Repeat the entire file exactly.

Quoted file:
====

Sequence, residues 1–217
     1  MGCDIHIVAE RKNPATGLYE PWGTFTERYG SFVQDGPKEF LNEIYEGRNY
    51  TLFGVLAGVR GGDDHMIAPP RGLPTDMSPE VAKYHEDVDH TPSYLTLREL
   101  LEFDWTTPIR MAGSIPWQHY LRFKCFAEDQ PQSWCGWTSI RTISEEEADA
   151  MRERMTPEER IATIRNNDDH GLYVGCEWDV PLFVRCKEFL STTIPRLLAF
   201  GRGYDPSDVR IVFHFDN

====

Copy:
Sequence, residues 1–217
     1  MGCDIHIVAE RKNPATGLYE PWGTFTERYG SFVQDGPKEF LNEIYEGRNY
    51  TLFGVLAGVR GGDDHMIAPP RGLPTDMSPE VAKYHEDVDH TPSYLTLREL
   101  LEFDWTTPIR MAGSIPWQHY LRFKCFAEDQ PQSWCGWTSI RTISEEEADA
   151  MRERMTPEER IATIRNNDDH GLYVGCEWDV PLFVRCKEFL STTIPRLLAF
   201  GRGYDPSDVR IVFHFDN